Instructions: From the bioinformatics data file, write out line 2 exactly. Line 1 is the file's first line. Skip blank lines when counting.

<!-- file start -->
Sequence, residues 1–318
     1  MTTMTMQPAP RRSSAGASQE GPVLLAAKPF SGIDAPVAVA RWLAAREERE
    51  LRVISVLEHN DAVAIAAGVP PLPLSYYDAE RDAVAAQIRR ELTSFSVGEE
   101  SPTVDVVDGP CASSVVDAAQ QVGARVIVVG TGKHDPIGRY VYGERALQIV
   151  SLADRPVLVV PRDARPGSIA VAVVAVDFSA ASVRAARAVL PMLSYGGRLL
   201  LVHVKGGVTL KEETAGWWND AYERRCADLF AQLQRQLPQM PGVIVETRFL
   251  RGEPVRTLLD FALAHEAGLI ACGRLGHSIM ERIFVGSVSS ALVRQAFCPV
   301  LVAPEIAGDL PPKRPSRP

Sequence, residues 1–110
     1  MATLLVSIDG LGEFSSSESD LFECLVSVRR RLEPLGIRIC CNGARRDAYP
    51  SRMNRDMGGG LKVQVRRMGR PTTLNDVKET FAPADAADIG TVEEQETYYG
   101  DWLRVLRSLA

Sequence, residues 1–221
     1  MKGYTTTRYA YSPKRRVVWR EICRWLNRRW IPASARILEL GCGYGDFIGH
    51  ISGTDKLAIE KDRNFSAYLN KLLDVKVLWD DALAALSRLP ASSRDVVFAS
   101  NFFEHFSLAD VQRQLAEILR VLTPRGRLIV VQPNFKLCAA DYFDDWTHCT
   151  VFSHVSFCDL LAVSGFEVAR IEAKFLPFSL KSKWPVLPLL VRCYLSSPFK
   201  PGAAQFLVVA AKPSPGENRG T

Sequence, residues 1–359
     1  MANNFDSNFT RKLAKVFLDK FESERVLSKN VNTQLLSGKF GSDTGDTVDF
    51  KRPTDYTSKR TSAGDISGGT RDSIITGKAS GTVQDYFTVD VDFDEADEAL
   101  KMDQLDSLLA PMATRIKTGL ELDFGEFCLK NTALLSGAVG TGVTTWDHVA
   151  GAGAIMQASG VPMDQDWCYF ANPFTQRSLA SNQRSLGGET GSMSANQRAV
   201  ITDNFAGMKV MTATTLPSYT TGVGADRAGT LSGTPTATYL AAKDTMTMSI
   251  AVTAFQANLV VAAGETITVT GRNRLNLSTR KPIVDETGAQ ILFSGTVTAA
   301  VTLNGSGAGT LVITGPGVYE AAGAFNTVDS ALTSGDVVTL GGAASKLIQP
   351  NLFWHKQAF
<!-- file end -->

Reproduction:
     1  MTTMTMQPAP RRSSAGASQE GPVLLAAKPF SGIDAPVAVA RWLAAREERE